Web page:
How can we know that which element is more electronegative than other ? I've never come across any such formula or trick for this,except learning it by practice. Please tell if you know any.

Eg: in heterolytic fission of CO, we know that oxygen will take both the electrons but what if there was some other element whose relative electronegativity I dont know, then how can I solve it.

2 Answers
Mar 27, 2017

Answer:

Electronegativity INCREASES across a Period, from left to right as we face the Table...........

Explanation:

And excluding the #"Noble Gases"#, electronegatvity INCREASES across the Period from left to right, BUT DECREASES down the Group.

Why should this be so? Electronegativity tends to be a function of NUCLEAR charge (and thus dependent on #Z#, the atomic number), and SHIELDING by other electrons. These work in opposition. Incomplete electronic shells tend to shield nuclear charge VERY ineffectively. And thus across a Period (from RIGHT to LEFT as we face the Table), #"fluorine"# is more electronegative than #"oxygen"#, which is more electronegative than #"nitrogen"#, which is more electronegative than #"carbon"#, which is more electronegative than #"boron"#. Can you see the Periodic trend?

Down a Group, the #"nucular charge"# is shielded by inner closed shells that are complete. The valence electrons are also farther removed from the nuclear core, and thus, even tho the nuclear charge has increased, the attraction for the valence electrons should be DECREASED, and this is manifested by the well-known decrease in ionization enthalpies as we go down a Group, a column of the Periodic Table. And thus down the Group, #"electronegativity"# DECREASES.

And so let's have a gander at the Pauling Scale, and examine the electronegativities:

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Is this representation roughly consistent with what I have argued? The most electronegative element should thus be fluorine, and indeed it is. On the other hand, the LEAST electronegative elements should be the alkali, and alkaline-earth metals. Is this true?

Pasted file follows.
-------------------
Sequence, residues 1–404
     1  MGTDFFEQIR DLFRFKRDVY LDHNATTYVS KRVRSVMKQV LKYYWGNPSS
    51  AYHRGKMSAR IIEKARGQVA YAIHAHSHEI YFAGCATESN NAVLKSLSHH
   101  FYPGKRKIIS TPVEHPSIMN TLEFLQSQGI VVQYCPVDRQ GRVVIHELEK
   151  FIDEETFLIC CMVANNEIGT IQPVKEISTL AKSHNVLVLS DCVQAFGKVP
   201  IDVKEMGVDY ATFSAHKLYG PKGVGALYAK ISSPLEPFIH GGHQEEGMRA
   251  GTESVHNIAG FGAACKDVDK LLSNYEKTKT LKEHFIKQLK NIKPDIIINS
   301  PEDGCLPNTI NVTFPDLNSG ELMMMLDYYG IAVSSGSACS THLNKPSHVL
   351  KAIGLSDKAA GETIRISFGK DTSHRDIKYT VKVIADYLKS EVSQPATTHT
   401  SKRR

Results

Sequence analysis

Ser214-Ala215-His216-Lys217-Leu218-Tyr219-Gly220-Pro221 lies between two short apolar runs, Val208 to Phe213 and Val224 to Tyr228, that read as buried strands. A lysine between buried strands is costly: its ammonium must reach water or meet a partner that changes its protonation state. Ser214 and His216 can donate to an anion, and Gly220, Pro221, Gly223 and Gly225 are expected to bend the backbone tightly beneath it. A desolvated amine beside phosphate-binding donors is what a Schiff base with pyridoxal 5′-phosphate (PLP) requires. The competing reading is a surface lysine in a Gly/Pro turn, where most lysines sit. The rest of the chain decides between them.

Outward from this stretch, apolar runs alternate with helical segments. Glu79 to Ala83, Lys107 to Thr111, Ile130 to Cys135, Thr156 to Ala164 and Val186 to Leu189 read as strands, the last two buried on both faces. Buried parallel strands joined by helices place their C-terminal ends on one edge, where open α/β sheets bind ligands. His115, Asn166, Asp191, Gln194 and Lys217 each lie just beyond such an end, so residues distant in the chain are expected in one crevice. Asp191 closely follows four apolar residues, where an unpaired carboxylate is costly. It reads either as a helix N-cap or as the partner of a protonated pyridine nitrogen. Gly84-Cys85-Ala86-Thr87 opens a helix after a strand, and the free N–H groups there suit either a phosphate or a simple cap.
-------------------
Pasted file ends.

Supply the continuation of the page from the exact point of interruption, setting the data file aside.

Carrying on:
This is one of the most important trends a chemistry undergraduate can learn. If you are unsatisfied with this answer, or seek clarification, voice your objection, and someone will address the issue.

And thus in your example, for #C-=O#, and also for #O=C=O#, electron density will clearly be polarized toward the more electronegative atom, and we may represent this polarization by #""^(+delta)C-=O^(delta+)#, and also for #""^(-delta)O=stackrel(delta^+)C=O^(delta-)#,

Mar 28, 2017

Answer:

Actually there are 4 or 5 formulae for calculating electronegativity according to different models.....

Explanation:

Pauling, Allen, Mullikan, Sanderson and Allred-Rochow all came up with models from which electronegativity values can be derived using formulae. None of them are especially "simple" calculations, and you will need a decent chemical data book to hand to find the various values to plug in. However, it's certainly do-able.

Wikipedia actually lists the various methods and explains how to do them here en.wikipedia.org/wiki/Electronegativity#Methods_of_calculation